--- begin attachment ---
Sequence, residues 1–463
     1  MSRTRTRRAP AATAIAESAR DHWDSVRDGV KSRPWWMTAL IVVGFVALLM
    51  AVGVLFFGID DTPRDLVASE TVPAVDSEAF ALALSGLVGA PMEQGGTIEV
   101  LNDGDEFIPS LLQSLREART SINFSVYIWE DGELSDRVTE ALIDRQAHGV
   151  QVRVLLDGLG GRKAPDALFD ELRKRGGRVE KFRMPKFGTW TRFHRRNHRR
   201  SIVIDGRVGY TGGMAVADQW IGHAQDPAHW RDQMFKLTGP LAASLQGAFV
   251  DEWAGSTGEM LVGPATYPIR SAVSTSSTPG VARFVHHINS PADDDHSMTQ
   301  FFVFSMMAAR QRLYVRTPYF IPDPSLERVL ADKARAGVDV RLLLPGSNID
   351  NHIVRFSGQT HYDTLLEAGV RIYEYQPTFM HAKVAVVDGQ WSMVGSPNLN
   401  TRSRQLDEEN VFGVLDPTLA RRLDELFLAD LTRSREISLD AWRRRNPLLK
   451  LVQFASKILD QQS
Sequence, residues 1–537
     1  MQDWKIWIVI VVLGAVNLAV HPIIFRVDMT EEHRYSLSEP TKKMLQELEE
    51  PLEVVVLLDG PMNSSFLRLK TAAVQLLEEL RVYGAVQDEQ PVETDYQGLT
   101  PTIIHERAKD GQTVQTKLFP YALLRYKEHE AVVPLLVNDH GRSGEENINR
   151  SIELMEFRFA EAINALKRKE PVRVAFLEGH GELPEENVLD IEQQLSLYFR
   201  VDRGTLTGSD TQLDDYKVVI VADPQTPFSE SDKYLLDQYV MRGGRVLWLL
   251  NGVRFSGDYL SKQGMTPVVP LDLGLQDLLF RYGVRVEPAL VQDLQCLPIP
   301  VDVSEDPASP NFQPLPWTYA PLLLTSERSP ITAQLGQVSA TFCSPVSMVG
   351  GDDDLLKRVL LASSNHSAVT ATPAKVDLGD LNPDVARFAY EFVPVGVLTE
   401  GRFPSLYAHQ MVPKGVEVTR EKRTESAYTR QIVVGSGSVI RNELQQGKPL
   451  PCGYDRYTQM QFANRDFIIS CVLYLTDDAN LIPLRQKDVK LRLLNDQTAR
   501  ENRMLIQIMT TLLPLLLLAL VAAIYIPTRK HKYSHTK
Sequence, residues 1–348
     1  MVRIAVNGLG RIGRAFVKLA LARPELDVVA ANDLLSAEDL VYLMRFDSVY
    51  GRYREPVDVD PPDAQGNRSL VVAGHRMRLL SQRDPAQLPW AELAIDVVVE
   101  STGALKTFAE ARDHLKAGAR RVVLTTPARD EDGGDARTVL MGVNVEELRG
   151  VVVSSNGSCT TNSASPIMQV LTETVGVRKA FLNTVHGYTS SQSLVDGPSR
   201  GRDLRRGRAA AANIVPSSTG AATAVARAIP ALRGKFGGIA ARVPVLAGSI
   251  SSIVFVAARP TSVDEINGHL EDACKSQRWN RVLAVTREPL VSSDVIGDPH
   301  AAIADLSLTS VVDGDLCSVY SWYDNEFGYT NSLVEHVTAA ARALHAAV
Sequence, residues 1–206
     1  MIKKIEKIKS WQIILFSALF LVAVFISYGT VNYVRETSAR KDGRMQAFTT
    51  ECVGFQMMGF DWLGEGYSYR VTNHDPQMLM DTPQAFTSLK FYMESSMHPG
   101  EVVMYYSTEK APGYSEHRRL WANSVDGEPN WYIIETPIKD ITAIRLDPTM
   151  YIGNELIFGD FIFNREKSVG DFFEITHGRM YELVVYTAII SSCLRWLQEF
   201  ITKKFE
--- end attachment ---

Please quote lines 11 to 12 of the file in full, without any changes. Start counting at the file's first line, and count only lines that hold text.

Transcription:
   451  LVQFASKILD QQS
Sequence, residues 1–537